Archive for November 27th, 2011

Kill This Bill!


by lizard

As pundits and news consumers digest the bipartisan failure of the Super Committee, a terrible piece of legislation called the National Defense Authorization Act—produced through a bipartisan effort of the Senate Armed Services Committee—will get a vote tomorrow.

The Senate Armed Services Committee, led by Senators Carl Levin (D-Michigan) and John McCain (R-Arizona), approved the bill despite its provisions for military detention of any suspect (even those apprehended within the United States) accused (not proven) of involvement in any terror-related offense. Presumably, military detention would include those accused of offenses as innocuous as “lying to a federal agent,” unrelated to actual terrorism yet classified as terror-related.

The White House and Democrat leadership apparently oppose this legislation. Did anyone bother telling Carl Levin?

Hopefully this bill will be killed tomorrow, but it makes one wonder why a Democrat like Levin would work to produce such a legislative monstrosity. Does Reid have any control? Is the White House powerless? Or is this how “bipartisanship” works these days on Capitol Hill?

We live in a nation where, apparently, we enjoy no electoral alternative to human rights abuses. Will the real Americans please stand up?

Even worse than the betrayal of Democrats, however, is the betrayal of Congress–by itself. Our Founders dedicated the Constitution’s first Article to Congress, to reflect its primacy after our revolution against a unilateral monarchy. The central theme of the Constitution is its system of checks & balances to limit executive power and prevent tyranny.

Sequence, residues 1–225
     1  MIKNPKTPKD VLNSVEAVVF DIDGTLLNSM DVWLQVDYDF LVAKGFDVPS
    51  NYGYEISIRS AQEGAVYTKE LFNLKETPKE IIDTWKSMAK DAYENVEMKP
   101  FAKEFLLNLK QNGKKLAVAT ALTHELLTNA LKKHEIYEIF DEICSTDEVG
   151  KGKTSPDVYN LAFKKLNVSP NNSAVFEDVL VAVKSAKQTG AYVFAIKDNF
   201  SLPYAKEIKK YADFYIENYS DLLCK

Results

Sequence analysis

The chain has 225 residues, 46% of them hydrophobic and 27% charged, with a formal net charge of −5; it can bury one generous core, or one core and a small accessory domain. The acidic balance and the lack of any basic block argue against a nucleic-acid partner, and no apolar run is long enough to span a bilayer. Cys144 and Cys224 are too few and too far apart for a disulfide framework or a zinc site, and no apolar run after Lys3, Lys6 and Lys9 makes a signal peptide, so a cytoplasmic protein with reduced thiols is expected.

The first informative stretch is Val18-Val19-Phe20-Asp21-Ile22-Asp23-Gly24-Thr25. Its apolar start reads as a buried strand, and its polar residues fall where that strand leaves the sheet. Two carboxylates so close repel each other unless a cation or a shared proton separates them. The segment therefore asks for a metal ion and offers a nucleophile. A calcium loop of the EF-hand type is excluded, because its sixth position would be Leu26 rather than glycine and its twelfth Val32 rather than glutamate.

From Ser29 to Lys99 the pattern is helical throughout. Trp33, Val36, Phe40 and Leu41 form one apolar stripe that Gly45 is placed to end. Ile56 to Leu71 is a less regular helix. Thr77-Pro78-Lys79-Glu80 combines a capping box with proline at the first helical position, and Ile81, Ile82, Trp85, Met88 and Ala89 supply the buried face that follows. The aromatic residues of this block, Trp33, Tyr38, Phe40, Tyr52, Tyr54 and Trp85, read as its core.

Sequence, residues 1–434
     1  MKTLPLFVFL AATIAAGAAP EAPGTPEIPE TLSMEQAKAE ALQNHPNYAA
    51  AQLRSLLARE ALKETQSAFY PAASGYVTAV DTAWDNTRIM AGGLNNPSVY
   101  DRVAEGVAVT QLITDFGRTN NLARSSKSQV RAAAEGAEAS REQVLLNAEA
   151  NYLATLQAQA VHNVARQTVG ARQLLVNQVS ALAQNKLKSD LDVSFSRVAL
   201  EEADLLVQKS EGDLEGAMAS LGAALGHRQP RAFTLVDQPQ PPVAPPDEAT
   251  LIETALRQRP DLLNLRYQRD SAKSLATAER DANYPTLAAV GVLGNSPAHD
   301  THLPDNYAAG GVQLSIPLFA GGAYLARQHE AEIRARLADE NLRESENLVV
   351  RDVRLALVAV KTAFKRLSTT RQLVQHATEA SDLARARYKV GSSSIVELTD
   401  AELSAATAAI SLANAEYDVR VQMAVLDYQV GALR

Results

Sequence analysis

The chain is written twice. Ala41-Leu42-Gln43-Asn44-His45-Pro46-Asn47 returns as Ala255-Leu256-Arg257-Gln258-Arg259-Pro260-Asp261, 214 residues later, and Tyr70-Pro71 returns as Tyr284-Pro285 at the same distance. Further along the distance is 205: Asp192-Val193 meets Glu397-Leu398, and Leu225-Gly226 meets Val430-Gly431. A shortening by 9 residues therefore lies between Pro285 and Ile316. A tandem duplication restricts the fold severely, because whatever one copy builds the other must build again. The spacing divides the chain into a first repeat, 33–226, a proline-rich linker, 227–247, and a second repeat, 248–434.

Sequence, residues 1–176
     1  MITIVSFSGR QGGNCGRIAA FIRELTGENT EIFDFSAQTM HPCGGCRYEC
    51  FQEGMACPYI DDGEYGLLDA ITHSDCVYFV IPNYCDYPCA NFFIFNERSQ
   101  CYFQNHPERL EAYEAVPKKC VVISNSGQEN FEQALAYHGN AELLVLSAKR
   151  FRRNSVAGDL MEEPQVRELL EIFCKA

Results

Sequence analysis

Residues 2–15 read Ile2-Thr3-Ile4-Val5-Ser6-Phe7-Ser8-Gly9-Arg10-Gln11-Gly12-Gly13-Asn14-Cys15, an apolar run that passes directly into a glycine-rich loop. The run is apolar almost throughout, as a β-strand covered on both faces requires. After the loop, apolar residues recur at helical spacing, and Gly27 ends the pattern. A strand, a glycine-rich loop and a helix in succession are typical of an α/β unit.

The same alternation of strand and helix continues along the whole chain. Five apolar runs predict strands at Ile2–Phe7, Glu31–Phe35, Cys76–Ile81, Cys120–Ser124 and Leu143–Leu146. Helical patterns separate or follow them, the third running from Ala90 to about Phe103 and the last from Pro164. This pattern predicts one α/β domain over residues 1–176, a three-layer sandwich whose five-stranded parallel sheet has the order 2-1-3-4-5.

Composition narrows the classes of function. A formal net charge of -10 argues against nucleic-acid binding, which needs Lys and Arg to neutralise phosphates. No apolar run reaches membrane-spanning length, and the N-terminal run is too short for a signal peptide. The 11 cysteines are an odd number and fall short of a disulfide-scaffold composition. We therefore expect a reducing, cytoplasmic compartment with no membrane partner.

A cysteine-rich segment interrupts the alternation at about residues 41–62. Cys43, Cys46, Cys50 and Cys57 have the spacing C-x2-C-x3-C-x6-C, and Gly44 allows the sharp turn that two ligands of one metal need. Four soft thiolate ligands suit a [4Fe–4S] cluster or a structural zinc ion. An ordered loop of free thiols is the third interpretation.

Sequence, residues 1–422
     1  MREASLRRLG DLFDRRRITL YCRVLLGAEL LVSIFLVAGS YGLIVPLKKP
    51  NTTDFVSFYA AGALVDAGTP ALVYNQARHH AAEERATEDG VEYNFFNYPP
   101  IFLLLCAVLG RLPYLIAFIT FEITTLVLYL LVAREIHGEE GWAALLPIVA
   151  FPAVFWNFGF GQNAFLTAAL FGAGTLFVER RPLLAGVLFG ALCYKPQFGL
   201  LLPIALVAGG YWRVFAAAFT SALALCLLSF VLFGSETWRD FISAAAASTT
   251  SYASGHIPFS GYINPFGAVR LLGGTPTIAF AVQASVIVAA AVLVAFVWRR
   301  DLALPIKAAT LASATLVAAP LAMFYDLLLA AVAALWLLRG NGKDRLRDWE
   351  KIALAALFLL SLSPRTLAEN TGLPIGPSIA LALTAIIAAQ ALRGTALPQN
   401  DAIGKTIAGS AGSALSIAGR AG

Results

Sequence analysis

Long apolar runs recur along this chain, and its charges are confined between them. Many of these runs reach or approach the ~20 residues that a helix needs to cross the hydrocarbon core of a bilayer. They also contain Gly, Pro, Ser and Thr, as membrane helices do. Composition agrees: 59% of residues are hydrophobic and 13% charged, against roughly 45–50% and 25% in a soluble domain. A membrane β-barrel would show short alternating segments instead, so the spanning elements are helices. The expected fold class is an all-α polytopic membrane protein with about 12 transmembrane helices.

But rather than resist executive power, today’s congressional leaders actively expand it. Over the past decade, Congress has granted presidents from both political parties every power they have sought: the power to eavesdrop en masse on every American household without individualized suspicion, the power to ignore the Nuremberg principle and torture with impunity, the power to initiate unilateral war, and more.

Levin-McCain is substantively, procedurally, and structurally even worse: It actively outflanks the executive, granting powers that neither the White House nor the Pentagon want, and have even pledged to resist. Madison and Jefferson would each roll in their graves at Congress betrayal of their legacy.

Gee, I feel so much safer. Thanks jackasses.




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